Applying color labels

In previous versions of Photoshop, you could flag an image (toggle a special indicator on or off) to determine which images were keepers. Bridge now offers more advanced ways to organize and search images by applying color labels — which helps you develop a system of organizing images to reflect your priorities and choices with more options.

Figure 6-7 shows where to apply color labels to images in Bridge. For the example shown, I applied color labels to the images in the Bridge Content area (not hard — you just choose the Label menu and then select the color label for the image). Here I use green to mean "go" (that is, use the image and print it), red is a "no-go" (don't use the image), and yellow as a "maybe" (consider using this image later).

Applying color labels makes photos much easier to view and organize later. When you want to view only the images in a folder labeled with a particular color, you just click the Unfiltered button on the Bridge Option bar and then choose that color, as shown in Figure 6-8.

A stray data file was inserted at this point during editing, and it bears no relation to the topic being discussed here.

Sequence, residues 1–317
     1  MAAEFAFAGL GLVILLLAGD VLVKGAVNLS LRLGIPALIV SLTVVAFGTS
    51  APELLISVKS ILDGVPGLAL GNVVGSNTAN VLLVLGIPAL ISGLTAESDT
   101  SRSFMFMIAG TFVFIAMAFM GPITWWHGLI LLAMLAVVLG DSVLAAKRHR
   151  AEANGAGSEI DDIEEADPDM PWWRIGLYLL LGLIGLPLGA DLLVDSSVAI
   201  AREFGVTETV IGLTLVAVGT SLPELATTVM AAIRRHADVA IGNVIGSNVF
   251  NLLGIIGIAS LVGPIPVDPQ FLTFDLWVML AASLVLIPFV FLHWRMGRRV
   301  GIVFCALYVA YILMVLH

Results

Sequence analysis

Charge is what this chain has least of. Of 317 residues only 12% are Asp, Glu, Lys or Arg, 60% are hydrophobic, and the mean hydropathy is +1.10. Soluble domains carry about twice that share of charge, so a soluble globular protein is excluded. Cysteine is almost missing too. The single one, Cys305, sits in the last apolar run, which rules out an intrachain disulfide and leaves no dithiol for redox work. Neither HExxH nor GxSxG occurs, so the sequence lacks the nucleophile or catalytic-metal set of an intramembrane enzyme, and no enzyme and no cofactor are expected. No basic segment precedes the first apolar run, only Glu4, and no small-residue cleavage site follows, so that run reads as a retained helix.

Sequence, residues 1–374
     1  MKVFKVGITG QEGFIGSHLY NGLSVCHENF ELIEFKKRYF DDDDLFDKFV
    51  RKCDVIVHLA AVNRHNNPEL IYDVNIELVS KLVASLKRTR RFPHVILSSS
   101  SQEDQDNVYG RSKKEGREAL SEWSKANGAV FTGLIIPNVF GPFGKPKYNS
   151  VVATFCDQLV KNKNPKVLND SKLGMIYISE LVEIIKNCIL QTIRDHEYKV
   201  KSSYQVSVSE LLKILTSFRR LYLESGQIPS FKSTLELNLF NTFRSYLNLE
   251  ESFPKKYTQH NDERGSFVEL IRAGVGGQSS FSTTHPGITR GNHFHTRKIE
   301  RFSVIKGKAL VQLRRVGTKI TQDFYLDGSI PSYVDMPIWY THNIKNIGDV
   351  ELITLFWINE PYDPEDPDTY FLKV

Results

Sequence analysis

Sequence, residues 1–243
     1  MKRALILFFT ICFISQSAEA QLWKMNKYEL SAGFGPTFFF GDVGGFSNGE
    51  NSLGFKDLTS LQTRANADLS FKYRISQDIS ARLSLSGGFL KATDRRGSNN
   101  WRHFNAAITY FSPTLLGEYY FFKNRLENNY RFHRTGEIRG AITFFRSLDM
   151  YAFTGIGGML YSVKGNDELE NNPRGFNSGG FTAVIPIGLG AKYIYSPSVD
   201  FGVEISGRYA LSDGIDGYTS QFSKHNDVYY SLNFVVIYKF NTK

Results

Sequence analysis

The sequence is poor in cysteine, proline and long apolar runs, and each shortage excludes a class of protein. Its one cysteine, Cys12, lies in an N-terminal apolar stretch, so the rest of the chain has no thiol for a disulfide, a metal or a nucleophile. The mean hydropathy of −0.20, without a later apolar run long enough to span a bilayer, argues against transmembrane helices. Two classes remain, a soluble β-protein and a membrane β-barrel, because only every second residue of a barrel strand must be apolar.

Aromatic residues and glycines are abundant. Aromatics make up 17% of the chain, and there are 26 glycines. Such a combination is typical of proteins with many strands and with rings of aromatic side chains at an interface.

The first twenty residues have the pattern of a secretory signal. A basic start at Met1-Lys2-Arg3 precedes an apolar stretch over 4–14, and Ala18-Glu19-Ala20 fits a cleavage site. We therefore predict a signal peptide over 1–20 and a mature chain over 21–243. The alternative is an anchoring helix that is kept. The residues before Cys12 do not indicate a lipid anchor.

Figure 6-7: Applying color labels to images.
Figure 6-8: Applying a filter to view images only with a certain color label.

If you want, you can change the labels to descriptive names, such as "flowers, landscapes, keepers, possible, or print." Just choose EditOPreferences in Bridge, and choose the Labels category to change the default names.

Understanding Adobe Photoshop Features You Will Use

Understanding Adobe Photoshop Features You Will Use

Adobe Photoshop can be a complex tool only because you can do so much with it, however for in this video series, we're going to keep it as simple as possible. In fact, in this video you'll see an overview of the few tools and Adobe Photoshop features we will use. When you see this video, you'll see how you can do so much with so few features, but you'll learn how to use them in depth in the future videos.

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